Each of these paths are mandatory and increasingly necessary to ensure relevance and growth. In our Strategic Priorities 2017: Knowing vs. Doing report, Majesco found that companies that reported strong growth in the past year were 17 times more likely to also be developing new business models, compared to those that had lower growth. Nearly 90% of the higher-growth companies were also developing new products — three times higher than companies with lower growth. Those that adapt quickly will likely see new business heights, while those that do not will possibly experience dramatic market losses instead. The growth gap between leaders, fast followers and laggards will likely expand, creating an unbridgeable chasm with devastating business implications.

The Digital Age is Powering the Renaissance

The digital age — a revolution — is rewriting the rules of business and, with it, redesigning organizational and business model structures. However, as we noted in Changing Insurance for the Digital Ageonly 11% admit feeling ready to craft more “future-proof” organizations. Many industry orthodoxies are increasingly irrelevant, yet most insurers have been reluctant to reinvent themselves, with less than 25% of insurance executives expecting their operating models to be disrupted by changes in consumer behavior. Technology and customer expectations are already radically rewriting models; almost half of insurers business models are already in the process of being disrupted by new competitors. We saw this onstage at Insurtech Connect this past week, with new insurtech startups and traditional insurers creating business models and offerings.

As many companies stated at Convergence 2017 and Insurtech Connect, the perception gap of customer expectations to what we deliver cannot be addressed through the provision of technology alone. It must be aligned with strategic re-organization and customer-centricity, thereby using technology to help avoid the widening gap between own orthodoxies and customer expectations. In effect, insurers must disrupt themselves. As we have said before, “It is better to Uberize yourself before you are Kodaked.”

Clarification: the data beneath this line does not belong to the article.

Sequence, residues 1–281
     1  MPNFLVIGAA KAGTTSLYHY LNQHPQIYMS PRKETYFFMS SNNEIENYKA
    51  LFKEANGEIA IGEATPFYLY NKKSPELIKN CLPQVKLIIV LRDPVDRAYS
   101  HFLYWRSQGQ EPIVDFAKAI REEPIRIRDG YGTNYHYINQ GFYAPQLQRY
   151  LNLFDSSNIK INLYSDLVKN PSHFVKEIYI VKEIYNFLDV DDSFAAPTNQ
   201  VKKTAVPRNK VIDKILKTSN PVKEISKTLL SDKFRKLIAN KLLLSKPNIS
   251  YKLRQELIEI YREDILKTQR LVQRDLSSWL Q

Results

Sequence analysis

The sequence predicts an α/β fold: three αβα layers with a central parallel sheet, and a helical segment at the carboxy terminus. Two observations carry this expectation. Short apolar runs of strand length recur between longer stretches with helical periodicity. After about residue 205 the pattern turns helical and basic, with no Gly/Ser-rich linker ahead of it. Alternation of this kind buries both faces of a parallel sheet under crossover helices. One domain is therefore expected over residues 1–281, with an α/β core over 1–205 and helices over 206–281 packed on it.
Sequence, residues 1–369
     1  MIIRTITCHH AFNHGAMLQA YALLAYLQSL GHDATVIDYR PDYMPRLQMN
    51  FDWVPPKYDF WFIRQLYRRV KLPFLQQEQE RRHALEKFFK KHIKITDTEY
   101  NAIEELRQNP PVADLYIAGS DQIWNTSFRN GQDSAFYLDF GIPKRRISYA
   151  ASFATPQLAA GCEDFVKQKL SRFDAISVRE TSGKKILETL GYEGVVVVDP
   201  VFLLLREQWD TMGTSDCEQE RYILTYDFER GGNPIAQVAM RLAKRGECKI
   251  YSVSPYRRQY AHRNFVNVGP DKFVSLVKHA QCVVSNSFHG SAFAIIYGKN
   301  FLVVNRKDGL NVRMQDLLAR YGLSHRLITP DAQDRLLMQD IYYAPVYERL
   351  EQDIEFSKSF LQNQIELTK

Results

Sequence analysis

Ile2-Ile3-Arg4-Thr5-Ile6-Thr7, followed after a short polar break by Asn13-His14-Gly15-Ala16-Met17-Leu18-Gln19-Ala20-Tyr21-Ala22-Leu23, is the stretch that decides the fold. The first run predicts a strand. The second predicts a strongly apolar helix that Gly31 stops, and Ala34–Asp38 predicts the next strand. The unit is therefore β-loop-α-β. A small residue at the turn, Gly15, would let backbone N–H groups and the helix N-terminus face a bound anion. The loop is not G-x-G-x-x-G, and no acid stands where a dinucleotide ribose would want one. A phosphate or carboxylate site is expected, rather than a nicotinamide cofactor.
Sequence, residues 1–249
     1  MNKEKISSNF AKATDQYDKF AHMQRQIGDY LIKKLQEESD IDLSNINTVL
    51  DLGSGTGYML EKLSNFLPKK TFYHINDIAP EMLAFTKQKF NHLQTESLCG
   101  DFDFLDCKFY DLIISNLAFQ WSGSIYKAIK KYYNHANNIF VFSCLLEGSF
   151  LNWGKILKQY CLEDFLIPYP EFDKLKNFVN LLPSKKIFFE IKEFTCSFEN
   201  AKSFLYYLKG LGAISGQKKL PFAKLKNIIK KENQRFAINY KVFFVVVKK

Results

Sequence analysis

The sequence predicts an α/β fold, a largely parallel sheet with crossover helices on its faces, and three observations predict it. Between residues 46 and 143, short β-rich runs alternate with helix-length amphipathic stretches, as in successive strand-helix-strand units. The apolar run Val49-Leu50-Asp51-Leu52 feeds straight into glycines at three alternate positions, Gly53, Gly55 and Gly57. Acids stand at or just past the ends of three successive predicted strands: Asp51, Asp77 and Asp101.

Narrowing the Knowing–Doing Gap

Are we acting upon our knowledge of the insurance industry and market trends? Or are we simply educated observers? Each and every day, we see the growing impact of change in the insurance industry — new products are introduced, new channels are established, new services are offered, new business models are launched, all which recalibrate customer expectations.

Acknowledging the role and strength of changing customer behavior expectations and then acting upon that awareness across the organization is central to future success. Customers are increasingly demanding personalized, on-demand, digital insurance services. In many cases, these go beyond the realm of traditional products, into providing valuable services that range from reducing risk to engaging with a community of similar customers. These services — when added to a robust, relevant product offering — have the potential to reposition insurers within the market and give them a future-focused, customer-centric edge.

See also: A Renaissance, or Just Upheaval?  

Insurance companies must stop talking about opportunities and start doing something about them by using the disruption and change as a catalyst for real change. We are entering a new age of insurance. These efforts will carry insurers into that new age, where they will be prepared to capture the revenue growth presented by a market shift that will define a new ecosystem of market leaders.

Are you taking knowledge and acting on it? Are you walking the walk? Insurtech Connect highlighted that your future competitors are.

Headaches Caused by Sharing Economy

The sharing economy, which is made up of consumers and businesses who provide on-demand services, faces particular challenges when it comes to insuring their risk while conducting business.

Simply put, the sharing economy and the short-term exchange of assets for a fee has created headaches for insurers. Think of the early days of Uber and ride-sharing insurance.

Certainly, one constant challenge that on-demand or freelance workers face, is purchasing insurance protection at affordable prices.

Since on-demand workers typically work on a per project or per task basis, there may not be a need for annual policies. Especially if there is a gap of more than 30 days between jobs.

In the sharing economy, where ride-sharing has become a tremendous service for on-demand workers, the ability to purchase automobile coverage on a per-mile basis may very well become a critical need for those who participate in this new industry.

As the sharing economy continues to expand, the ability to purchase insurance products on a pay-as-you-use basis will become even more important to the members of this new economy.